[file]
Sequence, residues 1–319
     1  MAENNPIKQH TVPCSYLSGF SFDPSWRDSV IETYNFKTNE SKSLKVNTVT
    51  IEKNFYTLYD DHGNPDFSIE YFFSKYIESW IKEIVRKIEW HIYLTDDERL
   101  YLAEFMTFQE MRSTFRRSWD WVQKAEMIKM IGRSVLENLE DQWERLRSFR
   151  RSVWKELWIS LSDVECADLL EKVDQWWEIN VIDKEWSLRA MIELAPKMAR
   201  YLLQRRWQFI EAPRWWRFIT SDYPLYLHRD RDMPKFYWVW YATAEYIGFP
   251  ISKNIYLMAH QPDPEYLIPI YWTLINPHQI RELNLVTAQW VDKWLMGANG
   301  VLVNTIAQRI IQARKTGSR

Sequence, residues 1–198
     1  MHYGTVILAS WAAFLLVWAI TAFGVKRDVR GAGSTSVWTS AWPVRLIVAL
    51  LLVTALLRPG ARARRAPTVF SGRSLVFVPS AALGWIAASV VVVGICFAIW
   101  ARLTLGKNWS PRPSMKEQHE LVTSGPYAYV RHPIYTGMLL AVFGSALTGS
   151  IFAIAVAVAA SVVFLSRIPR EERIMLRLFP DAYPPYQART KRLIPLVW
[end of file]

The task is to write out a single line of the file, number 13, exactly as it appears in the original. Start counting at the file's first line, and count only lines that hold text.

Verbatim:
   151  IFAIAVAVAA SVVFLSRIPR EERIMLRLFP DAYPPYQART KRLIPLVW